Ethical Decision-Making Paper Instructions
Ethical Decision-Making Paper Instructions
The purpose of this assignment is to develop the ability to apply professional values, codes of ethics, and a decision-making model to the process of ethical decision making.
Choose 1 of the ethical dilemmas below to read and analyze, applying the American Counseling Association’s (ACA) Decision-Making Model as outlined in the document, “A Practitioner’s Guide to Ethical Decision Making.” Divide the body of your paper — formatted in current APA style — into the steps outlined in the ACA document, making sure to address all questions for each section.
The body of your paper must be 6–9 pages. Your paper must also include an abstract, title page, and reference page with at least 6 references, all in current APA style. Your paper must be well-thought-out and demonstrate critical thinking.
When you have completed your paper, save it as a Microsoft Word document under your name and assignment title (Example: Doe_J_Ethical_Decision-Making_Paper). Submit your paper through SafeAssign using the draft link provided in Module/Week 8. Your goal is to get a SafeAssign similarity index of less than 25%. When your report is less than 25% matching, submit your final paper through SafeAssign using the regular (non-draft) link. If the final paper you submit has a similarity index greater than 25%, it may indicate either unintentional or intentional plagiarism. You may be contacted by your instructor.
This paper is due by 11:59 p.m. (ET) on Friday of Module/Week 8.
Jane is a hardworking licensed professional counselor who has a very successful private practice. Jane has not had a vacation in over a year. She is feeling the stress and burnout and knows she needs to do something quickly for her own mental health. Thus, she decides to go on vacation for a week. She quickly makes the arrangements and then emails all her clients with whom she has appointments during the week of vacation, informing them of the need to cancel. She fails to let her other clients know she will be gone, and, since none of her clients are in crisis, she decides to not worry about getting someone to cover her clients while she is gone.
John is a counseling intern working for an outpatient facility that specializes in alcohol and drug addiction recovery. John has been interning with the facility for 9 months. He is particularly involved in co-leading many of the groups at the facility and has gotten to know many of the clients. Overall, John really likes most of the clients at the center. One evening, while checking his email, he notices a friend request for his personal Facebook account. John recognizes the email as originating from Ben, one of the clients at the center. John has enjoyed his interactions with Ben, so he grants Ben his request. A few days later Jeanne, another client at the center, emails John with her request to befriend John on Facebook. John is not as fond of Jeanne because she is often argumentative in group. John decides to deny the request, explaining to Jeanne he does not befriend women.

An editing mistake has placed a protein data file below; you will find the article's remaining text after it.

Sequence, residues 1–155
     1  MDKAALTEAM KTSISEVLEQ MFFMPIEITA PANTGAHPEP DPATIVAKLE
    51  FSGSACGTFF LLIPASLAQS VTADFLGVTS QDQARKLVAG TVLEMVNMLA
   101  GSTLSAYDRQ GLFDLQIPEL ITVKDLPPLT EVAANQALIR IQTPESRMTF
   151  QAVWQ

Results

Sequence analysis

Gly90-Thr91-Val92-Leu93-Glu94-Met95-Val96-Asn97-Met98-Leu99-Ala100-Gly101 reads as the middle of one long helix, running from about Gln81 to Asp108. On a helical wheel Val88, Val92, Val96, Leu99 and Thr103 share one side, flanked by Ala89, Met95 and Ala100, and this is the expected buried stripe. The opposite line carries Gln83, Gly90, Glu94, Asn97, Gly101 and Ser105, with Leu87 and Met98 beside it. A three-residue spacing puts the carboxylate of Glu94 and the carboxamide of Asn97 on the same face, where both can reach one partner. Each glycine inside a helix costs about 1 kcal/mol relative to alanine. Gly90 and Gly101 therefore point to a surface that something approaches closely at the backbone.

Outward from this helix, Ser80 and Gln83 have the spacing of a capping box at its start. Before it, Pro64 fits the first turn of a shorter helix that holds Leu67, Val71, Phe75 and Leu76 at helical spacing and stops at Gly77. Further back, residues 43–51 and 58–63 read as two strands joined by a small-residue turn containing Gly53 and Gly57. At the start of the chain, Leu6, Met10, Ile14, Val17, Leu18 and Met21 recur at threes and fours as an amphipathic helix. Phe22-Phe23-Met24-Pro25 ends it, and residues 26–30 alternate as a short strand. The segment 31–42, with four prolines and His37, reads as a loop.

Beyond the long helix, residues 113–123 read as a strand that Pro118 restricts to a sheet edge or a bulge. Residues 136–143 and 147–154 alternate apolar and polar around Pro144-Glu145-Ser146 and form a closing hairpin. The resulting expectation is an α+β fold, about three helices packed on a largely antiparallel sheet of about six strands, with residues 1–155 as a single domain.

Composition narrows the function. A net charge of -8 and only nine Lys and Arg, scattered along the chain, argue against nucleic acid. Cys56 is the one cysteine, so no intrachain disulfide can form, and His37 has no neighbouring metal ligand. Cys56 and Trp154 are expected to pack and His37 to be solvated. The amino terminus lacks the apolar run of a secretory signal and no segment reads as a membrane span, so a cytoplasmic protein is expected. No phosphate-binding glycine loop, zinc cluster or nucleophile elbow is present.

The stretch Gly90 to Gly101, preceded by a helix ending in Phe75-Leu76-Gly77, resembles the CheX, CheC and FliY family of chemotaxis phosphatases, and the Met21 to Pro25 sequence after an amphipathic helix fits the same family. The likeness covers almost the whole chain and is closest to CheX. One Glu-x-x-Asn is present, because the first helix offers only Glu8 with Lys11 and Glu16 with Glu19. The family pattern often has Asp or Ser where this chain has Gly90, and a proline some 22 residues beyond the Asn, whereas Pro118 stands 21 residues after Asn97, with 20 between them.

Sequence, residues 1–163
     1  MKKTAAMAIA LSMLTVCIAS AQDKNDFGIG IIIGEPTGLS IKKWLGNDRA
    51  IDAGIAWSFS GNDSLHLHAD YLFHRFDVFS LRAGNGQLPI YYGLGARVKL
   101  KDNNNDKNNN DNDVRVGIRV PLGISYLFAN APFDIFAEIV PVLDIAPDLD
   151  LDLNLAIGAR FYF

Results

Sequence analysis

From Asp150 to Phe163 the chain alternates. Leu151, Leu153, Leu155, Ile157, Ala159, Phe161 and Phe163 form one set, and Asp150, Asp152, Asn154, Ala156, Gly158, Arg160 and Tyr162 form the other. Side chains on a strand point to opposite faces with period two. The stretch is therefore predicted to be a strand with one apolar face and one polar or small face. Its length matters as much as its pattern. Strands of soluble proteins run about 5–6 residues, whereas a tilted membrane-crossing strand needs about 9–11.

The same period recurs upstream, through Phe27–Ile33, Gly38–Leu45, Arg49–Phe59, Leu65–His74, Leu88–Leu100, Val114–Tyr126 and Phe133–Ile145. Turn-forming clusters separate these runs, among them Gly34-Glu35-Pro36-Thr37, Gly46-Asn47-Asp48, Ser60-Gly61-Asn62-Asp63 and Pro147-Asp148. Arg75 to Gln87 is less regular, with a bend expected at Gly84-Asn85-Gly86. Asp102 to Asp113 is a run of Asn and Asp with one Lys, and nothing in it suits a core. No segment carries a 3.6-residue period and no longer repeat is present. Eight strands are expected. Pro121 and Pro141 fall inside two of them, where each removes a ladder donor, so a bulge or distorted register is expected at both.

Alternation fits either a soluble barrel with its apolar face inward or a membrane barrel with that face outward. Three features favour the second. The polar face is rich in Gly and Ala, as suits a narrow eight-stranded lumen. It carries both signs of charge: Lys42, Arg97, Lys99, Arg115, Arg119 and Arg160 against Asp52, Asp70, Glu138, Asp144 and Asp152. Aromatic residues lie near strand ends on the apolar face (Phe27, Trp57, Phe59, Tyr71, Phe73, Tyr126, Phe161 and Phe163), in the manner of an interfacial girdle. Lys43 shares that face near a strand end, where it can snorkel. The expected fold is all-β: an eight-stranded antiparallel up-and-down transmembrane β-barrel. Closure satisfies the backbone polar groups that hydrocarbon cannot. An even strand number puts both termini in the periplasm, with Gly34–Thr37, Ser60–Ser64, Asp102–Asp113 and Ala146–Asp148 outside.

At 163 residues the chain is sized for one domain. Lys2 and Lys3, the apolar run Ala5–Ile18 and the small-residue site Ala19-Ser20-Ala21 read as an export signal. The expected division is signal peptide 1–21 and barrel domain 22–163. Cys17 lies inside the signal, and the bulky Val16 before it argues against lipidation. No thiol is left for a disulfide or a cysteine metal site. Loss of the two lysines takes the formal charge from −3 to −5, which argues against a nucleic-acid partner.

Amy is a professional counselor in a private practice. She is currently in graduate school working on her Ph.D. in Counseling, so money is tight. Amy attends a seminar, given by Live Healthy Industries, on making extra money by selling their line of multivitamins and homeopathic remedies. Seeing the opportunity to make some extra money and really believing in the benefit of vitamins and homeopathic remedies, Amy signs up to become a representative of the company. As part of her marketing strategy, Amy places advertisements for the products in the waiting room of her office and on her professional web page. Several of her clients begin inquiring about the products they are seeing in the advertisements on Amy’s web page and in her waiting room. Soon, Amy has several of her client’s buying the products, and Amy’s money problems resolve.
Robin is admitted to an intensive residential facility for drug addiction. During the first week, she is given a number of assessments including the Beck Depression Inventory, the Minnesota Multiphasic Personality Inventory, and the Substance Abuse Subtle Screening Inventory. Robin wonders why she is getting the inventories and how they will be used. Finally, six weeks into her admission at the facility, Robin asks her therapist for the results. She is told that clients are not allowed to see the results or any other part of their records.